Twitter said on Tuesday that users can appeal account suspensions though its app. Previously, a user would have to fill in a form in the help section of Twitter’s website to appeal a suspended or locked account. Twitter said the new system is already in use and has helped them get back to people “60% faster than before”. The company admitted it sometimes wrongly suspends accounts because it “doesn’t have the full context” and claimed the in-app appeal system would fix this.
We move quickly to enforce our rules, but sometimes we don’t have the full context and can make mistakes.
To fix that, we added a way for people to appeal our decision in the app and have been able to get back to people 60% faster than before. pic.twitter.com/0BWBnff9lt
— Twitter Safety (@TwitterSafety) April 2, 2019
‘Political ideology doesn’t shape our policies’
In February, Twitter said that political ideology did not shape its policies, days after being accused of bias against right-wing users in India. Right-wingers accused Twitter of limiting the reach of their accounts, banning or suspending accounts that support the Indian government, and manipulating the Trending section, among other things. “We do not review, prioritize, or enforce our policies on the basis of political ideology. Every Tweet and every account is treated impartially,” Twitter’s VP of global public policy Colin Crowell wrote in a blog post.
Twitter skipped parliamentary committee hearing
A week before that, Twitter was scheduled to attend a 31-member parliamentary committee hearing on IT after it was accused of political bias. However, it issued the following statement: “Given such a short notice of the hearing, we informed the Committee that it would not be possible for senior officials from the United States to appear on Monday. Our CEO, Jack Dorsey, and other senior Twitter executives visited India in recent weeks because it is an important market for Twitter and we value growing interest in Twitter in India.”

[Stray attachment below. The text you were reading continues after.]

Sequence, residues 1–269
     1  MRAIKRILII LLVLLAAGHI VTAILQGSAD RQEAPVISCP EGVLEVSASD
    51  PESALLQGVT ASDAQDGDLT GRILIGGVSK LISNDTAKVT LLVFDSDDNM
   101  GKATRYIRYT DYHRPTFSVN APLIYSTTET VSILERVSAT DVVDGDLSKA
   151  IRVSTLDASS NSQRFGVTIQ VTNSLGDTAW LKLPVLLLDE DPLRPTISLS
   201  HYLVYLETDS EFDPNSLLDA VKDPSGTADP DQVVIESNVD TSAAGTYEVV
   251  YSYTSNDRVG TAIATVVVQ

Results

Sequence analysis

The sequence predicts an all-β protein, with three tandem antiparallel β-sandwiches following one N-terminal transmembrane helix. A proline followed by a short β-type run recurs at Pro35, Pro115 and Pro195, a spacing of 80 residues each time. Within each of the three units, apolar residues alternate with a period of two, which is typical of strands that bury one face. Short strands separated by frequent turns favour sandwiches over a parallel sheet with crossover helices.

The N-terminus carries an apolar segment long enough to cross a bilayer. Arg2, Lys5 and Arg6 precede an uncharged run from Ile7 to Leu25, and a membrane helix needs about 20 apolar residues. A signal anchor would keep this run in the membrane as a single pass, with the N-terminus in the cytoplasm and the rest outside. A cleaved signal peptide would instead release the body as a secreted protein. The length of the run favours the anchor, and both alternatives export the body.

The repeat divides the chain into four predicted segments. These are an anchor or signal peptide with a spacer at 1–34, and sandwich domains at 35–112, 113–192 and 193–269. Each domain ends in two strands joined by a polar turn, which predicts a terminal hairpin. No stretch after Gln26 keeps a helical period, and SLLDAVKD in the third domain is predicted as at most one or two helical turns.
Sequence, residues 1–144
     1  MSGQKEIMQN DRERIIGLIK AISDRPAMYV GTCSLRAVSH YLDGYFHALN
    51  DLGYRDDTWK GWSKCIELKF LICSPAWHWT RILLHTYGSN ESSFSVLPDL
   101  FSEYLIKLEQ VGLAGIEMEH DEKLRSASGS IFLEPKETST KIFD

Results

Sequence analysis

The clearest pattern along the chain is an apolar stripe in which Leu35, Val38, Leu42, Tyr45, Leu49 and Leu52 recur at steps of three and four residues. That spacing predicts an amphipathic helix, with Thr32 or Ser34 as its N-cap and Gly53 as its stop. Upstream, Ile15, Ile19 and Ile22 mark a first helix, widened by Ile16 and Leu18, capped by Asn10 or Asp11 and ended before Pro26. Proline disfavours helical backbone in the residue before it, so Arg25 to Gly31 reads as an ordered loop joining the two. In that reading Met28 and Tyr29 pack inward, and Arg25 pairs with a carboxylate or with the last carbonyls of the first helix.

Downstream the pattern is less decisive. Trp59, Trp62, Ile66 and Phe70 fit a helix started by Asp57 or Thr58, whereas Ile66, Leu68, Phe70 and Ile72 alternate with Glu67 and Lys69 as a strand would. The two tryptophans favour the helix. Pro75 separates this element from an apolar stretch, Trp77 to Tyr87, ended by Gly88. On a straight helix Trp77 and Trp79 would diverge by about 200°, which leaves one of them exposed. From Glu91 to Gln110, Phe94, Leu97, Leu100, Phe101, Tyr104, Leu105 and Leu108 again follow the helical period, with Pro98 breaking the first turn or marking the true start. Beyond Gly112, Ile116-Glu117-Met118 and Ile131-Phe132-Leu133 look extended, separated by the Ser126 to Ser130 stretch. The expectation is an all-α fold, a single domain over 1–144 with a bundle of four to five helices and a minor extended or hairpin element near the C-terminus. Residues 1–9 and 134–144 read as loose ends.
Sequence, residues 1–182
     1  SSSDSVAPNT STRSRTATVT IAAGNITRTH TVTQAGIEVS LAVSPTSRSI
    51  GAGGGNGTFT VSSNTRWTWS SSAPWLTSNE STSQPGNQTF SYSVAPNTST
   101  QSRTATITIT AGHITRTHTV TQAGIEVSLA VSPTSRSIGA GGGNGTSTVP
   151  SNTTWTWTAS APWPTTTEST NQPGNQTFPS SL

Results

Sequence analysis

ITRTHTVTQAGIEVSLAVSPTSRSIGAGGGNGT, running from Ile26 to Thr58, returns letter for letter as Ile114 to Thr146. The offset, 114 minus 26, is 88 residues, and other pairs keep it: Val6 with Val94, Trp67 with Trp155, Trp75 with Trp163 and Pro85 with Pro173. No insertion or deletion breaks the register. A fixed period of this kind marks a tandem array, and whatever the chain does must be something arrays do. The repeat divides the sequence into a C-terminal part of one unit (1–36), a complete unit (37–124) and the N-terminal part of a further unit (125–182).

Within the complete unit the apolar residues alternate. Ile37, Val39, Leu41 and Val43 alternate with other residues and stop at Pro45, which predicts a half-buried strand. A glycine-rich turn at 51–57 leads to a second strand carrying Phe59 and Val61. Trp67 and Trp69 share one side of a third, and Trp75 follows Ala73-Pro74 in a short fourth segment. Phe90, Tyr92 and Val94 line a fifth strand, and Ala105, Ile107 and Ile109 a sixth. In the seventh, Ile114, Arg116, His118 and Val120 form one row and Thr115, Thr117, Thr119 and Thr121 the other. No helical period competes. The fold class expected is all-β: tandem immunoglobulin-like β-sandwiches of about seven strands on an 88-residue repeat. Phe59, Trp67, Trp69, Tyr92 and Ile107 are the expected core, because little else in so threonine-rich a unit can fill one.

Common reasons why Twitter suspends accounts
Twitter says on its website that common reasons for suspension include abusive tweets or behaviour, spamming, and securing accounts that have been hacked or otherwise compromised. It says it handles violation of its rules in the following ways:
- Requires the user to remove prohibited content before they can again create new posts and interact with other Twitter users
- Temporarily limits the user’s ability to create posts or interact with other Twitter users
- Asks the user to verify account ownership with a phone number or email address
- Permanently suspends the account(s)